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Montana basketball great Ed Kalafat passes away

Posted: 1:13 PM, Oct 10, 2019
Updated: 2019-10-10 15:29:12-04
Ed Kalafat

ST. PAUL, Minn. -- One of the best basketball players in Montana history has passed away.

Ed Kalafat, an Anaconda native who played professionally for the Minneapolis Lakers, died on Monday. He was 86.

Kalafat was an all-state football and basketball player at Anaconda High, accumulating 1,614 career points on the hardwood, a Copperheads record that stood for nearly 60 years before Ali Hurley, and then Braxton Hill, became the school's all-time leading scorer. Kalafat helped lead the Copperheads to the 1948 state championship before embarking on a college career at the University of Minnesota.

Kalafat played three seasons for the Gophers, appearing in 66 career games, scoring 954 career points, and earning all-Big 10 honors in 1952, 1953 and 1954. He averaged 15.9 points and 9.2 rebounds per game as a sophomore to lead the team in both categories during the 1951-52 season. His scoring average dropped the next two years – to 15.5 ppg as a junior and 12.0 as a senior – but he was named the team MVP as a senior. Kalafat led the team in rebounding all three years, averaging 10.3 boards per game as a junior and 9.7 as a senior. He was a National Association of Basketball Coaches all-district choice each season. Minnesota finished third in the Big 10 all three years.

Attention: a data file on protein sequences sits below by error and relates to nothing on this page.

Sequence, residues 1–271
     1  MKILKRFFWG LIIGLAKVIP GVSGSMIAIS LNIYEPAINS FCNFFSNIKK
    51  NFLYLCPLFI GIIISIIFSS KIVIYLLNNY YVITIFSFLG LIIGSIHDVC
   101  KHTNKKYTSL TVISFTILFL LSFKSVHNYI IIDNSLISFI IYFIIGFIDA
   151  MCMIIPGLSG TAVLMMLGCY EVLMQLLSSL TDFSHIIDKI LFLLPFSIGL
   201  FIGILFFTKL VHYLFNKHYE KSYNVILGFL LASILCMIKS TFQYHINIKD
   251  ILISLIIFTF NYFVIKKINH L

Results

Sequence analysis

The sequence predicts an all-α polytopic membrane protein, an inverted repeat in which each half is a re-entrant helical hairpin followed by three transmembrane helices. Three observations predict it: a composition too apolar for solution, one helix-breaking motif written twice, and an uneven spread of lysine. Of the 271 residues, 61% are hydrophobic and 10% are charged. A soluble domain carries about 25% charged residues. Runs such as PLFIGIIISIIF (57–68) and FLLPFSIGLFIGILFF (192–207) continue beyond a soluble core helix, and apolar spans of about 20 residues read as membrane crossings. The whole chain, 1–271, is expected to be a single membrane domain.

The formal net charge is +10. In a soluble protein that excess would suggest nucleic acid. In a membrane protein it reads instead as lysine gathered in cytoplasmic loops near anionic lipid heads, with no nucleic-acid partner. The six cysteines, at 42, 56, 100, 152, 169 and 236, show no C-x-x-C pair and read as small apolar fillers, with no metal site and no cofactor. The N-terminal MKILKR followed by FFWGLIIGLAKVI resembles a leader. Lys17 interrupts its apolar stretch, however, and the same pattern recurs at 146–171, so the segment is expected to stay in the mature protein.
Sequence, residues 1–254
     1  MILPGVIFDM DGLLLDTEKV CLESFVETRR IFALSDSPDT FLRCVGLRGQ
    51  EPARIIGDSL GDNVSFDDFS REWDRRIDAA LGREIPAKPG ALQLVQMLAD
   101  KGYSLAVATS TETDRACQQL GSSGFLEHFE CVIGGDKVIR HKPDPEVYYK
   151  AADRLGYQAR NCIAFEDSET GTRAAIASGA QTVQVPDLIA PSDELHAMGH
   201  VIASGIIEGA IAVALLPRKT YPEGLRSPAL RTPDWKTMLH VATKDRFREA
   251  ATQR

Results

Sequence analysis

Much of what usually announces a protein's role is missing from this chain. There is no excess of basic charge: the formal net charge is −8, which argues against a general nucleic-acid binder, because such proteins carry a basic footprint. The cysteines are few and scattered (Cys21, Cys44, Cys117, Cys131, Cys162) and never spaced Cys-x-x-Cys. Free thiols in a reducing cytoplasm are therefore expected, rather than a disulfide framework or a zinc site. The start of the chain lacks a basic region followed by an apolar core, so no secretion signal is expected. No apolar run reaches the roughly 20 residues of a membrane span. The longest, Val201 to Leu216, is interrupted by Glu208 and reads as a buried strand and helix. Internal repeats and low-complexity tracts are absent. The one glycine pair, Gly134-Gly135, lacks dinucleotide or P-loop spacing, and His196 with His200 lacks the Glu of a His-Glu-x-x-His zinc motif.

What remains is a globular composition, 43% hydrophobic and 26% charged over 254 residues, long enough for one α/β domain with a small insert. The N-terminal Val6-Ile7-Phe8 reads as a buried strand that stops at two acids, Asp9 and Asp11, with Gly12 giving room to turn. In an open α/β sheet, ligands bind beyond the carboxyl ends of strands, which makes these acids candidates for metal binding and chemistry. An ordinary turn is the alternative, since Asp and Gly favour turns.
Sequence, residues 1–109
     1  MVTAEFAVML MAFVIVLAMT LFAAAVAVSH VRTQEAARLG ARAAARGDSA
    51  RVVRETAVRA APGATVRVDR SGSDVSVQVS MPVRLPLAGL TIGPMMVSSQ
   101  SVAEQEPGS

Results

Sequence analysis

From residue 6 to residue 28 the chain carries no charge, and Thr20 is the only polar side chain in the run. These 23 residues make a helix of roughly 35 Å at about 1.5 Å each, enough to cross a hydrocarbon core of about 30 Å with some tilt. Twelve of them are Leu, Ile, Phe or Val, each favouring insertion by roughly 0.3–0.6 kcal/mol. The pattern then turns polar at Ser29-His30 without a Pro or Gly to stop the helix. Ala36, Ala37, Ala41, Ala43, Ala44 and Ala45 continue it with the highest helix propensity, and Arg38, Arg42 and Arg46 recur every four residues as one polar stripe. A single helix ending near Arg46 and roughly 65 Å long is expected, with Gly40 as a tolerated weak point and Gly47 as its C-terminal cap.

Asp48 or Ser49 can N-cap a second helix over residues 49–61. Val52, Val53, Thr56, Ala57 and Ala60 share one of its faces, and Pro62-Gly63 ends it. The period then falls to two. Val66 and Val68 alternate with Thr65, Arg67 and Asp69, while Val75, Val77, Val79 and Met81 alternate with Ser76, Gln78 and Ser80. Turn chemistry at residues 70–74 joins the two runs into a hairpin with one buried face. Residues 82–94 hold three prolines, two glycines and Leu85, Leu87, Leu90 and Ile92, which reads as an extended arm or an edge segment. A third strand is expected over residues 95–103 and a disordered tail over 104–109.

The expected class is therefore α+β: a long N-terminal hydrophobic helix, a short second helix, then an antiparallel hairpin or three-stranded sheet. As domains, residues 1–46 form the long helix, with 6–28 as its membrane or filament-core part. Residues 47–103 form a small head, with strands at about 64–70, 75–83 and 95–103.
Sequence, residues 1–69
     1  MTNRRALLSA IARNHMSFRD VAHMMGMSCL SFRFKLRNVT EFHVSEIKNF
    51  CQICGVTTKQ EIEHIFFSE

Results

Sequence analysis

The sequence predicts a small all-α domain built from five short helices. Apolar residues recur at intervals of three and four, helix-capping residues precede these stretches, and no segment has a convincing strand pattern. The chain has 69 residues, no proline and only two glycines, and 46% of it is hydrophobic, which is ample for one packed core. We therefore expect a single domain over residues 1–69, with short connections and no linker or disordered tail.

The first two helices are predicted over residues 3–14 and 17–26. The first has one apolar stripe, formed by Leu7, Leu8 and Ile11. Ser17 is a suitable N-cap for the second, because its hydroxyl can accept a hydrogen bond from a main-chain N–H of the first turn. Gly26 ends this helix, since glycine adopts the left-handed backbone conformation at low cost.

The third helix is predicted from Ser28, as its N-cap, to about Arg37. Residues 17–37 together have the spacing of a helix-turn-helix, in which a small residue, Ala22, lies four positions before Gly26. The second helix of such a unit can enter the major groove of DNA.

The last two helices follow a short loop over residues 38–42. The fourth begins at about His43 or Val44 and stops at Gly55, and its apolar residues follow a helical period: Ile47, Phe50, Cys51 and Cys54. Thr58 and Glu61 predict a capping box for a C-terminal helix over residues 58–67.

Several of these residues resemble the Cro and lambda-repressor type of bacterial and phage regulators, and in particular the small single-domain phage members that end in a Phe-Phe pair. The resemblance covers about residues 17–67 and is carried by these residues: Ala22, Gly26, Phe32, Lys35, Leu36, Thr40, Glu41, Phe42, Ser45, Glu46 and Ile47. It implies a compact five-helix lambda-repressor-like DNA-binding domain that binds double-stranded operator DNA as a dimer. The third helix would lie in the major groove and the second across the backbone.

Upon leaving the Gophers, Kalafat earned the distinction of becoming Montana's highest-drafted player in the NBA or ABA. He was selected with the ninth overall pick in the 1954 ABA draft by the Minneapolis Lakers, where he played three seasons, appearing in 209 games alongside George Mikan. Kalafat averaged 4.8 points and 4.4 rebounds per game as a rookie. He upped those marks each of the next two seasons to 8.0 points and 6.1 rebounds per game his second year and 8.5 points and 6.5 rebounds in his third season.

Kalafat reminisced about his playing days in a phone interview with MTN Sports in 2016: “I look back. Somebody says, ‘What’s your best time?’ When I was a sophomore we played Kentucky, and it was my first game. Kentucky was the defending national champion, and I ended up getting 38 points. That was a highlight. There was another game that we played Butte High School. I ended up with more points than Butte’s team totally. I think I got something like 42 points. The best game I had was against Kentucky with 38. But there was another game in Billings where at halftime, we were ahead 27-13 and all of a sudden Billings went into a stall. And I had all 27 points and ended up with about 32. You can go back and reminisce about a lot of things."